This was no time to cry over one broken heart. It was no time to worry about Vicky Haven or indeed any young lady crossed in love, for now the universe, nothing less, was your problem. You woke in the morning with the weight of doom on your head. You lay with eyes shut wondering why you dreaded the day; was it a debt, was it a lost love? — and then you remembered the nightmare. It was a dream, you said, nothing but a dream, and the covers were thrown aside, the dream was over, now for the day. Then, fully awake, you remembered that it was no dream.

This passage will sound familiar to any lockdown reader in the global pandemic of 2020-21. The narrator’s nightmare in A Time to Be Born isn’t a virus, however, but the conflagration in Europe on the eve of the United States’ impending entry into World War II. The novel is a social satire in the vein of William Makepeace Thackery’s Vanity Fair (featuring the scheming social climber Becky Sharp), glimpsed through the gimlet eye of Edith Wharton’s Gilded Age New York society novels. Powell doesn’t hesitate to prick the vanities of socialites who promoted themselves by way of the war effort, in which the ‘ominous smell of gunpowder was matched by a rising cloud of Schiaparelli’s Shocking. … Off they rode in the new car, the new mink, the new emerald bracelet, the new electrically treated complexion, presented by or extorted from the loving-hearted gentlemen who make both women and wars possible.’

Powell savages her characters, but lovingly, and considered her novels social histories. As she wrote in her diaries: ‘Satire is people as they are; romanticism, people as they would be; realism, people as they seem with their insides left out.’ While at times she may seem as catty as today’s feuding internet celebrities, she caricatures women who are constricted by the limited roles allowed to them and the men who take advantage of (and reinforce) those inequities. Her female characters rise and fall according to their skill in negotiating the sexist obstacle course of their era. It’s brutal sport that still plays out in this century, as any woman can testify.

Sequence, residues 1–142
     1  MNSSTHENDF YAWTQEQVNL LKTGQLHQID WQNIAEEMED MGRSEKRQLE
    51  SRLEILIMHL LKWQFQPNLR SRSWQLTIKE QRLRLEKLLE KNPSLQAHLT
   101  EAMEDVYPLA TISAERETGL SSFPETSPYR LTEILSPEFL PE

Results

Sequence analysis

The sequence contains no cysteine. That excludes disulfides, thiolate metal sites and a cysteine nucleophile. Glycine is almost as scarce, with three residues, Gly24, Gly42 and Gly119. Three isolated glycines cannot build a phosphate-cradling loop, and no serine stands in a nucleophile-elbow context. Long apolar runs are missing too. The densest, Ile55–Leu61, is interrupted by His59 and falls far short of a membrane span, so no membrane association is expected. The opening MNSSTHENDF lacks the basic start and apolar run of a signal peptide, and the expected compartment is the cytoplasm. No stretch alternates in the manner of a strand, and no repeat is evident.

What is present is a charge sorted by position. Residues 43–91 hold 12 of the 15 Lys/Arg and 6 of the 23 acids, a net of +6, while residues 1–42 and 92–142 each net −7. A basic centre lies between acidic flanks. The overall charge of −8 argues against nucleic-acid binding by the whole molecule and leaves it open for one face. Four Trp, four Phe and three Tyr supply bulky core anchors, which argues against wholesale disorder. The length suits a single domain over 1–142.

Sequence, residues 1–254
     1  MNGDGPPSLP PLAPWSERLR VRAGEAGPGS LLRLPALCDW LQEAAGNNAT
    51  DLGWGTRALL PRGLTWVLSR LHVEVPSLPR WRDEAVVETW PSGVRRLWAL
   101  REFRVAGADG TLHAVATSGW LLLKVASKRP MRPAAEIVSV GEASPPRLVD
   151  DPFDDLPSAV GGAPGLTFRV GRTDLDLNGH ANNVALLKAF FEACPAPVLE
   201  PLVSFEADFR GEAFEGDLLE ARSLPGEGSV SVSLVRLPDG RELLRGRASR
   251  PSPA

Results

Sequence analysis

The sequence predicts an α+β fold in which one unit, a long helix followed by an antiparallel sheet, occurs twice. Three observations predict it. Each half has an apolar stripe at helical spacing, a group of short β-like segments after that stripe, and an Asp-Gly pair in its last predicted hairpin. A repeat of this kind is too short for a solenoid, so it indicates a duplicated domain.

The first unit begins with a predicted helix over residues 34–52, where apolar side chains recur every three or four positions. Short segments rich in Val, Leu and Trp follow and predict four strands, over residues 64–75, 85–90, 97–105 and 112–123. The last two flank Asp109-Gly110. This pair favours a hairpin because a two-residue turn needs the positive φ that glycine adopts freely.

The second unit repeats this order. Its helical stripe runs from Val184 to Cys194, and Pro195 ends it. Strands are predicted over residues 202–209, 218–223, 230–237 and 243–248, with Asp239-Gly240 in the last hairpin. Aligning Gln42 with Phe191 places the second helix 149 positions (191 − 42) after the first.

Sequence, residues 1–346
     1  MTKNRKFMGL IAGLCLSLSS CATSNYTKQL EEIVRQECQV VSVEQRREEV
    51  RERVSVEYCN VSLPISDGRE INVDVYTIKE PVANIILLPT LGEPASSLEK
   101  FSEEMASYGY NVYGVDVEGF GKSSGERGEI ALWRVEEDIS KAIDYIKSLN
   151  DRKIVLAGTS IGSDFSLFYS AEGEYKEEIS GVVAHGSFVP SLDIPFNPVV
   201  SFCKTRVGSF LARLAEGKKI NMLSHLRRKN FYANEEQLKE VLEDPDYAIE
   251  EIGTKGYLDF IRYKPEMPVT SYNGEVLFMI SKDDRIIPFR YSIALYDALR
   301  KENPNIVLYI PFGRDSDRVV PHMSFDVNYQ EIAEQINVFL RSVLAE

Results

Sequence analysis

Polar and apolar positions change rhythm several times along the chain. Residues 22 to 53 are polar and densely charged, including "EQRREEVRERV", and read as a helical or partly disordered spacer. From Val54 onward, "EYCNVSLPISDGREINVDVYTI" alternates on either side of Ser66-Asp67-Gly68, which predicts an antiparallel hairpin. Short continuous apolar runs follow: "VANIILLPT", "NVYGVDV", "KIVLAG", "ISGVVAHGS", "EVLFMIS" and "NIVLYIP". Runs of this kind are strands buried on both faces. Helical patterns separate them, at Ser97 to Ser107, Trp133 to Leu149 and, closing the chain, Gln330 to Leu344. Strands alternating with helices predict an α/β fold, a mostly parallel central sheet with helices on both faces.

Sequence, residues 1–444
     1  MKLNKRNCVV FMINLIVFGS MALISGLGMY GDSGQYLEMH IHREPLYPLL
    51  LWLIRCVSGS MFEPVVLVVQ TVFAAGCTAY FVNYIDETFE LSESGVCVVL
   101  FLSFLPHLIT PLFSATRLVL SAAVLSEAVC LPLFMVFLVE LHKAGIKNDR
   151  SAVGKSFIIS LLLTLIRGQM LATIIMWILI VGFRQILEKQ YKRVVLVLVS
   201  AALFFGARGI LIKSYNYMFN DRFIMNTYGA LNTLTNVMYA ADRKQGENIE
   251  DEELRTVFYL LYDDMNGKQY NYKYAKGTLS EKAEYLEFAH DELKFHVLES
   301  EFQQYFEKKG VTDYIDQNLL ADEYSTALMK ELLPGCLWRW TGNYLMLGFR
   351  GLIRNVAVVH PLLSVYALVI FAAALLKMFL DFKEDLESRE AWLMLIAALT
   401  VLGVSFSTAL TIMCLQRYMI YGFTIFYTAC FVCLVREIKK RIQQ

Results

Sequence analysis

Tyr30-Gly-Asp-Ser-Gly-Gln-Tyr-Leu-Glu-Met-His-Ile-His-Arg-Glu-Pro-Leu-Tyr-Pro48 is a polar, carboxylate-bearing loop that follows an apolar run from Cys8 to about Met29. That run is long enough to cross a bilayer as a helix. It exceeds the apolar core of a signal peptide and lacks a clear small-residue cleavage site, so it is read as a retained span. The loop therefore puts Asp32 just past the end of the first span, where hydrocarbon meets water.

Front and center are a New York power couple: newspaper publisher Julian Evans and his ambitious mistress turned second wife, best-selling novelist and social commentator Amanda Keeler Evans. The two were said to be based on real-life magazine magnate Henry Luce and his wife, playwright, politician and socialite Clare Boothe Luce, although Powell was cagy about this, likely for libel reasons. With her husband’s publishing machine pulling out all the stops to promote her historical romance, Such Is the Legend, Amanda features on every war relief committee and magazine cover, as industrialists, politicians and prominent journalists fill her dining room by night. 

Into this rarified world steps an old friend from back home, banker’s daughter and boarding school pal, Ethel Carey, who wants Amanda to help her in a mission of mercy: rescuing Vicky Haven, the third of their schoolgirl trio, from a disastrous romantic obsession. Amanda doesn’t care about ‘little Vicky’, but she does have a motive for helping her. She makes sure that Julian finds her old friend a job at one of his trade publications, moves her to New York and gives her the loan of a studio, which Amanda secretly uses by day for rendezvous with old flame and struggling writer Ken Saunders. She even invites him to her Fifth Avenue soirees, under cover of being Vicky’s date. At first, Vicky is unaware of the deception, but she and Ken soon become friends and allies, disillusioned with their roles as Amanda’s puppets.